Magazine article The Spectator

The Morning After

Magazine article The Spectator

The Morning After

Article excerpt

In Competition No. 2696 you were invited to submit a dialogue in verse between two body parts, composed on the occasion of a hangover.

Kingsley Amis described the opening of Kafka's Metamorphosis as the best literary representation of a hangover, though many might argue that the crown belongs to Amis himself for his hilarious account of Jim Dixon's self-inflicted wretchedness. My favourite is Ogden Nash's opening to 'They Won't Believe, on New Year's E ve, That New Year's Day Will Come What May': 'How do I feel today?

I feel as unfit as an unfiddle, / And it is the result of a certain turbulence in the mind and an uncertain burbulence in the middle.'

Your evocations struck a chord, too - especially W.J. Webster's, which earns him the bonus fiver. His fellow winners, printed below, get £30 each.

'Oh, seat of all wisdom, how do you explain

That time after time you groan, "Never again!"?

Why won't you refrain from the grape and the grain

When all they deliver is nausea and pain?'

'What liverish spite! Your words make it plain

That production of bile is your natural domain.

It grieves me to hear lower orders complain

And show scant respect for their master, the brain.'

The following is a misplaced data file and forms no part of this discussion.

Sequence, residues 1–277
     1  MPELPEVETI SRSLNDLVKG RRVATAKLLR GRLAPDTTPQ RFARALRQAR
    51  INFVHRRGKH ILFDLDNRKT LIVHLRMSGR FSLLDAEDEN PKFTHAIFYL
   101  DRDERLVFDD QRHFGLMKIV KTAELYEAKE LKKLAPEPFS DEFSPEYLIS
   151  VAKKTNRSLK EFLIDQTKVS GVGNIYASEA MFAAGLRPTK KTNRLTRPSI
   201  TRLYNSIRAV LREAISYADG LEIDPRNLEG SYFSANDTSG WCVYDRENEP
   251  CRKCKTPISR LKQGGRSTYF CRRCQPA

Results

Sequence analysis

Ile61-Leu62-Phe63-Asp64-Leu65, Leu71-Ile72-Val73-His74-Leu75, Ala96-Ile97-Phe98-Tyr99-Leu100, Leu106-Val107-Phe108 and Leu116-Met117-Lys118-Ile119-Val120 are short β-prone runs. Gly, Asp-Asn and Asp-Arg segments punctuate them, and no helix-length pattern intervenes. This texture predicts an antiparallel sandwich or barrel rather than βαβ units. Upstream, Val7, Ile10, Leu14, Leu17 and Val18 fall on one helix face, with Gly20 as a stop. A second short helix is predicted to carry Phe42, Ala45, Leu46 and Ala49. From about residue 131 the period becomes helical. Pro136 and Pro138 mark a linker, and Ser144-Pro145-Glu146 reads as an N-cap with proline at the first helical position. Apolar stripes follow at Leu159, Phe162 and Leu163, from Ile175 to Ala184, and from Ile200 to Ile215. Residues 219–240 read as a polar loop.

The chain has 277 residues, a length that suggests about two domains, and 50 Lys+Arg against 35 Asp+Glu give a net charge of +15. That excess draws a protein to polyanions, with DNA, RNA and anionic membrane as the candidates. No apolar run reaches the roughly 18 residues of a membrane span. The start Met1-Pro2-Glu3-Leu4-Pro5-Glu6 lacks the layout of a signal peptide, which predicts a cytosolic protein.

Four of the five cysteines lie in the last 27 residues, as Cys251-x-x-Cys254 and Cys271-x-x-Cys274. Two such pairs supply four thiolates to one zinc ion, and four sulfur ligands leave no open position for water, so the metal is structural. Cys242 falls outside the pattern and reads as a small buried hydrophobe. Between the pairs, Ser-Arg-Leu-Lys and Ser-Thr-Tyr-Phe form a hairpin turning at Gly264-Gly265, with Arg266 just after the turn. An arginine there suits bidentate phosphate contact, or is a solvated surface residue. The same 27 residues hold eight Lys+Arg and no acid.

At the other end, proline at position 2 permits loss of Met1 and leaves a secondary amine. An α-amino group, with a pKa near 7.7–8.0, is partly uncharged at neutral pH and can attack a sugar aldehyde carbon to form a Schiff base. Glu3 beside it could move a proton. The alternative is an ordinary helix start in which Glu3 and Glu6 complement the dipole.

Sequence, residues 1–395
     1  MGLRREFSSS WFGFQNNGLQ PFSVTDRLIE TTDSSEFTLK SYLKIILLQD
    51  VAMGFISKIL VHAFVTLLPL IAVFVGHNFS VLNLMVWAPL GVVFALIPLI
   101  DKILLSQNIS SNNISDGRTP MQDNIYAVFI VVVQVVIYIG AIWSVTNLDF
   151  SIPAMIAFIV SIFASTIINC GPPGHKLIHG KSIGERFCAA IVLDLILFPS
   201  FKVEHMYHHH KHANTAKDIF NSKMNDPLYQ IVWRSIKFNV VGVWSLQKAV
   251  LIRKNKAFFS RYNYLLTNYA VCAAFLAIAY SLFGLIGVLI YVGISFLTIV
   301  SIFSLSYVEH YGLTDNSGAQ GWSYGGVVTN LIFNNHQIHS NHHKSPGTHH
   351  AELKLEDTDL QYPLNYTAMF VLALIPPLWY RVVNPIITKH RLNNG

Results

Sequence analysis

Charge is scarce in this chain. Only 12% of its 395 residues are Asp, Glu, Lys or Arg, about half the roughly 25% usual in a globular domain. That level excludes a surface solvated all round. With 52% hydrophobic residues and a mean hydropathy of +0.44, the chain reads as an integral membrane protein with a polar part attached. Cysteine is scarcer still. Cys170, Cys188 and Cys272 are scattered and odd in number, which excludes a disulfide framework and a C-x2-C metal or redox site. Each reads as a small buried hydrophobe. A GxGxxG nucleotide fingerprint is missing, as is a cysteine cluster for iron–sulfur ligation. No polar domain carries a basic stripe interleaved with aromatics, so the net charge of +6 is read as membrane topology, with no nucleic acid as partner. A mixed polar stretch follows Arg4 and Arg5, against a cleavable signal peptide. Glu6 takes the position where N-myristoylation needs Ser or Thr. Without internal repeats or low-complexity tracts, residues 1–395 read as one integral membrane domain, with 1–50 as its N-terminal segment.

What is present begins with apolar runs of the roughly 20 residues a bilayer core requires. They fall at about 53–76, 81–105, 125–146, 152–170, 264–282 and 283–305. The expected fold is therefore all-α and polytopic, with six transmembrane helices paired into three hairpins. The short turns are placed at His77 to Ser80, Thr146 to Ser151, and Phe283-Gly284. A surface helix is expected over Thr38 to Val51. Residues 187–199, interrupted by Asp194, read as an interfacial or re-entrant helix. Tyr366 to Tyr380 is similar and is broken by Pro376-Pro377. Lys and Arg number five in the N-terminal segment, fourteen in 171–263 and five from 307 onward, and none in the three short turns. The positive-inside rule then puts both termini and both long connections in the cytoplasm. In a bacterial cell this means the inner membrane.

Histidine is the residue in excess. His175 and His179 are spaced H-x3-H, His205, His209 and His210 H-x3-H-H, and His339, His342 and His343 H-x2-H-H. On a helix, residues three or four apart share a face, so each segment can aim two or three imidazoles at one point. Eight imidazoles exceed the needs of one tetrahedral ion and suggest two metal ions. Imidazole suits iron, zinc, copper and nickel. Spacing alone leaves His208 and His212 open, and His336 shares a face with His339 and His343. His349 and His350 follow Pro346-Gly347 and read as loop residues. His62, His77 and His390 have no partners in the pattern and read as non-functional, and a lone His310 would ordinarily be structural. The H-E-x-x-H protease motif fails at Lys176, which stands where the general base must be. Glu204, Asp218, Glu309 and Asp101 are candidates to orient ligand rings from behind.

'Master! Disaster! You're more brother Cain,

Destroying my tissues with vile toxic rain.

My regenerative skills will all be in vain

If you don't heed this warning and learn to abstain.'

'Such bilious effusions I treat with disdain --

If you weren't mindless already I'd call them insane.

But once my head clears, I know I'll regain

The power to converse on a far higher plane.'

W.J. Webster

I'm furred and feeble. Feel as if

I'm made of ash or ember.

And I am throbbing, cold and stiff:

But why? I don't remember.

It feels as if a stream of acid

Turned me rank and rotten.

And I'm in pain where often placid,

But why? I have forgotten.

Perhaps I tasted sour gunge

As from a sewage tank?

Possibly. But I'm a sponge,

And yesterday's gone blank.

I'm grey and green, where formerly,

My buds were in the pink.

Aha, dear friend: well, normally,

This means we need a drink.

Bill Greenwell

A knotty problem this one, but a problem we can


A tough conundrum simply solved by working as

a pair.

Unlikely when you fiddle so and fumble like a fool,

You're always shilly-shallying. …

Search by... Author
Show... All Results Primary Sources Peer-reviewed


An unknown error has occurred. Please click the button below to reload the page. If the problem persists, please try again in a little while.